I was given a piece of a puzzle that was meant to go into my wallet, so every time I reached into my wallet, I would see the piece of puzzle and it would remind me of a question I was told to ask myself at that time. The question was, “Is this a want or a need?”

Save, and spend. In that order. Save for a crisis, and for the future of course, but don’t forget to live for today. What’s the point of all that education, and building up a decent career, if all you do is wait for retirement to have some fun?! Sometimes the right answer is to run off to Disneyworld and to hell with the cost – we’re building memories over here!

Follow your gut. That, and pay off your credit cards in full every month.

Put away money for your retirement. I started in my early twenties and I’m so glad that I did.

Track your spending.

When saving for a big purchase avoid impulse buying by saying to yourself, “Do I want those shoes MORE than I want a house?”

Lead with your heart and the money will follow.

Live within your means. This advice has served us well.

I don’t think I have ever received any good financial advice.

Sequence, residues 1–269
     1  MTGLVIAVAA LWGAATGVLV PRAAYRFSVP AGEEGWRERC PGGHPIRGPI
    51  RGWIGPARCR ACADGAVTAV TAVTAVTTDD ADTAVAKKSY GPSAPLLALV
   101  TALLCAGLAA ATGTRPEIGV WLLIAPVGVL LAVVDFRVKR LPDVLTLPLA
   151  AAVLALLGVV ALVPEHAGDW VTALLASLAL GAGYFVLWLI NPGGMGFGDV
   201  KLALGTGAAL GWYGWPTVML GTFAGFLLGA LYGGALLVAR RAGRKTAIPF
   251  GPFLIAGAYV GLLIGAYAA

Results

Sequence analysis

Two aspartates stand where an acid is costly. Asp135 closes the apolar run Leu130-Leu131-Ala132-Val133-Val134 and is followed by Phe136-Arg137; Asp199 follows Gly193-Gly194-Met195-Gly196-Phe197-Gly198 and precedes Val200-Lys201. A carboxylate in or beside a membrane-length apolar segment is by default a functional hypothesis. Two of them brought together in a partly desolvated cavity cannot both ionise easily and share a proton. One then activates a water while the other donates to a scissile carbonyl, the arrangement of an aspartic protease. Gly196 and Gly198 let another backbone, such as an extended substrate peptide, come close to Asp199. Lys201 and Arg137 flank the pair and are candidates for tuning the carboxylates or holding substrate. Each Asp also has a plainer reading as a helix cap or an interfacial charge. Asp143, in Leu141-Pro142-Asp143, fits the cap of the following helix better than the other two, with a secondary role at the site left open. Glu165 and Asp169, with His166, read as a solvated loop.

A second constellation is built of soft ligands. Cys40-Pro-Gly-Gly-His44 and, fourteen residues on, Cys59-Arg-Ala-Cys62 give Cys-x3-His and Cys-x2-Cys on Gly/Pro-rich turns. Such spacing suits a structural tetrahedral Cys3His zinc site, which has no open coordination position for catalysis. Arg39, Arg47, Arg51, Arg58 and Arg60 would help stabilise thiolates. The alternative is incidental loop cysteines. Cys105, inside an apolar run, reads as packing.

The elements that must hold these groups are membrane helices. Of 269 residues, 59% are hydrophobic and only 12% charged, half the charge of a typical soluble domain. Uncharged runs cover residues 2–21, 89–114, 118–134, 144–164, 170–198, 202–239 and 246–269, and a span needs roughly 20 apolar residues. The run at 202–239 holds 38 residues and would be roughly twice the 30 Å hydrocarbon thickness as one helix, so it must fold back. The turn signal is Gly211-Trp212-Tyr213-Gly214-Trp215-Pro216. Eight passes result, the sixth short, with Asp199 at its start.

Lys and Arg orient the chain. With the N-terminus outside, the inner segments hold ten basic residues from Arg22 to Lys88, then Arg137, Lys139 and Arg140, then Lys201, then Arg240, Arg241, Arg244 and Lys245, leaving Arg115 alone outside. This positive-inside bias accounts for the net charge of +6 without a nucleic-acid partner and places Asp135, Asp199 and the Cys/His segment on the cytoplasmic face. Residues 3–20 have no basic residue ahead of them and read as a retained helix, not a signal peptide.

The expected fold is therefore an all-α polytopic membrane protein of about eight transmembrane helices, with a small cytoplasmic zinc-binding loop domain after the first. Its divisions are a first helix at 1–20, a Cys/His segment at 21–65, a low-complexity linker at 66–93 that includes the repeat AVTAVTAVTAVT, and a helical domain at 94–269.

Save 10%, give 10% and wisely allocate the other 80%.

Never let your pride get in the way of doing what it takes to support yourself. Always know that if your world fell apart tomorrow, you have the skills and the resources to make your own way. Never depend on someone else to support you.

After I spent some time complaining about insurance costs, my dad said, “Insurance is something you pay for and hope that you NEVER need.” And that is true.

Being advised to purchase life insurance, set up a will and start a college fund for our kids.

Don’t go into credit card debt. Have I paid attention? Sadly, no.

You may have to pay more for land that adjoins you, but if you want it, go for it. In a few years, the price will be there anyway.